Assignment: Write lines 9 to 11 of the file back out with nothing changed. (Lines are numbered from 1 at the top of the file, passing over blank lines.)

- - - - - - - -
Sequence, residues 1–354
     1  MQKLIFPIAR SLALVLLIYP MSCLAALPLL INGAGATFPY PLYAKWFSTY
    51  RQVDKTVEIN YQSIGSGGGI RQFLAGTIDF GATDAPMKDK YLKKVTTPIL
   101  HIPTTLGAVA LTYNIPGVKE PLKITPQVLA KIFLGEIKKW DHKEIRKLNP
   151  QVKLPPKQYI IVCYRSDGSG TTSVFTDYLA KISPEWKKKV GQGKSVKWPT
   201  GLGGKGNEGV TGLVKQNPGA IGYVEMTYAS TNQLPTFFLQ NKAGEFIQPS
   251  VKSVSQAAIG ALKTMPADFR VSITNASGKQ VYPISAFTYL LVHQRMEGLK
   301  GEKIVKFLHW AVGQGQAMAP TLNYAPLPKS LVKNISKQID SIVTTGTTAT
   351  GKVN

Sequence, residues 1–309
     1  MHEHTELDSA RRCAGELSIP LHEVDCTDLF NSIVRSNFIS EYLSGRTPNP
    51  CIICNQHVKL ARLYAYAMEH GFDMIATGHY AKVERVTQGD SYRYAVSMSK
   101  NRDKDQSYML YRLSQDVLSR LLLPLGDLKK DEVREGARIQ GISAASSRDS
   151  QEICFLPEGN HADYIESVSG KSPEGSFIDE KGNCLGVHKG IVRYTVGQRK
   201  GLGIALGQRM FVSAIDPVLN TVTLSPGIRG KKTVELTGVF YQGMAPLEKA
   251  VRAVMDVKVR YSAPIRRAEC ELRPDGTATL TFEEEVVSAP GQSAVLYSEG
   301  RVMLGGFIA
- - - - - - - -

   351  GKVN

Sequence, residues 1–309
     1  MHEHTELDSA RRCAGELSIP LHEVDCTDLF NSIVRSNFIS EYLSGRTPNP